Posted by: Ernest Barteldes | July 13, 2012

Korean Cuisine: A Tasteful Discovery


 

by Ernest Barteldes

The first time I was introduced to Korean food was about twelve years ago when I first relocated to New York from Brazil. I was working for the YWCA in Flushing, Queens (I was one of the few non-Asians there) and they were celebrating Chuseok,  the country’s version of Thanksgiving, which happens early in October.  Since I have always been very open to new foods, I sampled some dishes , but when I saw this reddish pile of vegetables, I asked what it was. “Korean salad,” said a lady with limited English skills. I took a mouthful and gasped – it was really spicy! Later, I found out that it was kimchi, a side dish (Koreans pride on their sides) made from picked napa cabbage, red peppers, garlic  and other spices that are aged for about a month before it is ready to be served.

After that first experience, I started going to Korean restaurants in Queens – among them Chung Ki Wa (4006 74th St, Jackson Heights, NY; 718-478-0925 , no website) a nice little place in Jackson Heights a few blocks from a place I previously worked at.  There I learned more and more about the food, and frequently talked to my Asian students about preparation and all, until one of them actually  gave me a cookbook as a Christmas (or was it birthday?) gift.

Korean food is very laborious, but the final result is very satisfying. For instance, bi bim bop (rice, marinated vegetables and optional meat) requires patience since all the vegetables need to be steamed separately and then arranged over rice, while to make  kim bop  (rice rolls) you need to have the skills of a sushi chef. There are dishes that are simpler to make, such as chap chae (clear noodles with vegetables and/or meat) or pajeon (crispy fried pancake with seafood), but the best ones are the ones that take a lot of work.

One thing about Korean food is that is relatively healthy. There are few fried dishes, and most are either steamed or boiled.  The fare is very spicy at times, but there are many mild dishes to try for those who don’t want a burning palate.

I have made some Korean dishes at home over the years, but not that frequently. When I am craving those dishes, I head to W32nd street (Little Korea Street) where there are many restaurants, bakeries and even a small supermarket. My personal favorite is Woorijip (12 W 32nd #4  New York, NY 212-244-1115, no website), where they have an array of packed foods, lunch and dinner buffet and also a noodle bar. The prices are great, and since it’s so centrally located (and close to the places where Renata and I work), we often sit there, eat well and drink some soju and bek se ju (Korean rice wine) without having to break the bank in the process.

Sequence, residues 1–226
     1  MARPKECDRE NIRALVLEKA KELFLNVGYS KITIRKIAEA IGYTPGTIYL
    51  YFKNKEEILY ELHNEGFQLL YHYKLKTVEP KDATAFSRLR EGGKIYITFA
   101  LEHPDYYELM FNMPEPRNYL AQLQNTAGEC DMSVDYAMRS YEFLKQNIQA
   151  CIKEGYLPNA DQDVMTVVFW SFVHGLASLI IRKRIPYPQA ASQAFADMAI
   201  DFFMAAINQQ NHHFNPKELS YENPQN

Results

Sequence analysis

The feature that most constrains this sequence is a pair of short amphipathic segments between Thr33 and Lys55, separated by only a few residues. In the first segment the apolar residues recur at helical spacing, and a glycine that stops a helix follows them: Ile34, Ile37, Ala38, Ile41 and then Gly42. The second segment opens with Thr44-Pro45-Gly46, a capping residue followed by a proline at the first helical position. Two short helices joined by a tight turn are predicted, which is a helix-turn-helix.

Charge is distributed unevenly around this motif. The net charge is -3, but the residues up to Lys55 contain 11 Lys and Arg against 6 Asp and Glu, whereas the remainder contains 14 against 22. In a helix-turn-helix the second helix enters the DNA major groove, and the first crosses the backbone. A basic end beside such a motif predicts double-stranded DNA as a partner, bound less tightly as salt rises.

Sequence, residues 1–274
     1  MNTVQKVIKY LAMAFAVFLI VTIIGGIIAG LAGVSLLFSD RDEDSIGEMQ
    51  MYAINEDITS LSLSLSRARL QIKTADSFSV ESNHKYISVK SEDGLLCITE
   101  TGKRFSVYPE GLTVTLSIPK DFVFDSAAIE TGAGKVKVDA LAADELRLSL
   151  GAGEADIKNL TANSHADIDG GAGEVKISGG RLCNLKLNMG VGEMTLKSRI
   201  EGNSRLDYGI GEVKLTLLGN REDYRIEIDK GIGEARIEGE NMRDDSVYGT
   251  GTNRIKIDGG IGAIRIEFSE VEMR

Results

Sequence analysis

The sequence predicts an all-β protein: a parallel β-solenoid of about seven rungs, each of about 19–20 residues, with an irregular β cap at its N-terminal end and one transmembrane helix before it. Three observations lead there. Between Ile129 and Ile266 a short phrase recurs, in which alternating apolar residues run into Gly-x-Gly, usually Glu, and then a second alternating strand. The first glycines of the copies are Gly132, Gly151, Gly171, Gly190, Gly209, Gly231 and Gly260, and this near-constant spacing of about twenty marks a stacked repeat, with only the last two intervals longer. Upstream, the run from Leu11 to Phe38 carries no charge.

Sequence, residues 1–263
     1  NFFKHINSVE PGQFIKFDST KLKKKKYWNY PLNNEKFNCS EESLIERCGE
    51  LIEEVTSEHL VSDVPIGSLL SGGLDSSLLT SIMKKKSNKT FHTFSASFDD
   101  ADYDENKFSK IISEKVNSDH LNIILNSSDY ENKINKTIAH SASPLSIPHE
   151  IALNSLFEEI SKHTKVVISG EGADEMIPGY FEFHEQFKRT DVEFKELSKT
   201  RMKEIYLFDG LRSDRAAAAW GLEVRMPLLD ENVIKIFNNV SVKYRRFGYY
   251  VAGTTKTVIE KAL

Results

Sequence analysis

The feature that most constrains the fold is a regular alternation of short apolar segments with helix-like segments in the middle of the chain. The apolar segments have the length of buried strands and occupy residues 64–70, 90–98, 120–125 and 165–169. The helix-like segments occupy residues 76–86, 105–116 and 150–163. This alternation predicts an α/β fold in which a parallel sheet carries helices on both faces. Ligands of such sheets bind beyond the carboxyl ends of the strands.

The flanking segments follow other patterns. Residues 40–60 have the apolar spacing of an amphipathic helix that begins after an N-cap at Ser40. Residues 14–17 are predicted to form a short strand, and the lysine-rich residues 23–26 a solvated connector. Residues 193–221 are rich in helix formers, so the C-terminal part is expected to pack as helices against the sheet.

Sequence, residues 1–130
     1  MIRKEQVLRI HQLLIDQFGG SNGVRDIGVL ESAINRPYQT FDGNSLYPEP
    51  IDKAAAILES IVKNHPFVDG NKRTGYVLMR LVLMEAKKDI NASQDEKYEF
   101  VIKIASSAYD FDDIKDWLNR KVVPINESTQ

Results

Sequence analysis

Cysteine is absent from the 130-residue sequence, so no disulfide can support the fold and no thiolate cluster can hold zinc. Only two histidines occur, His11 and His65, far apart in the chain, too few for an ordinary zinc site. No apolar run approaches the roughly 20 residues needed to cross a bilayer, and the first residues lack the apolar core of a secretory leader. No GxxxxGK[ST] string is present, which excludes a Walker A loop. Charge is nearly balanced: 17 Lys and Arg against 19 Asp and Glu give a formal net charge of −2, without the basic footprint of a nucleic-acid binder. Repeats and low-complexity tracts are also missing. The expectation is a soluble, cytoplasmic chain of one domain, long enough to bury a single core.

Recently I met a legendary Brazilian singer from the post-bossa generation and told her about the place. She got curious and went there with me. She immediately fell in love with the place and the food, and on the next day she was calling me for the address so she could tell her friends to meet her there for lunch – I guess I converted another person to the wonders of Korean cuisine.

Recipe: Chap Chea (source: About.com)

Prep Time: 30 minutes

Cook Time: 40 minutes

Ingredients:

  • 8 oz mung bean or sweet potato noodles (might be called cellophane or glass noodles or Chinese vermicelli)
  • 1 sweet onion, sliced into thin strips
  • 2 cloves garlic, finely chopped
  • 1/2 pound baby spinach, parboiled
  • 2 carrots, julienned
  • 3 scallions, chopped
  • 1/2 cup chopped Napa cabbage
  • 5 shiitake mushrooms, rehydrated if dried and then sliced
  • 2 Tbsp vegetable or olive oil
  • 2 Tbsp sesame oil
  • 3 Tbsp soy sauce
  • 1 tsp sugar
  • Salt to taste
  • Sesame seeds (optional)
  • 6 oz. beef or pork (optional)*

Preparation:

  1. Cook noodles according to package directions.
  2. In a large pan or wok over medium heat, heat vegetable (or olive) oil and 1 Tbsp sesame oil.
  3. Add onion slices and garlic and sauté for about 1 minute.
  4. Add rest of vegetables and cook for 4-5 minutes, until the vegetables are half-cooked and still a bit crispy.
  5. Turn heat to low and add cooked noodles, meat (if using), soy sauce, sugar, and the remaining sesame oil.
  6. Mix to combine and cook for another 2 minutes.
  7. Add salt or more soy sauce if needed.
  8. If using sesame seeds, add them at finish.
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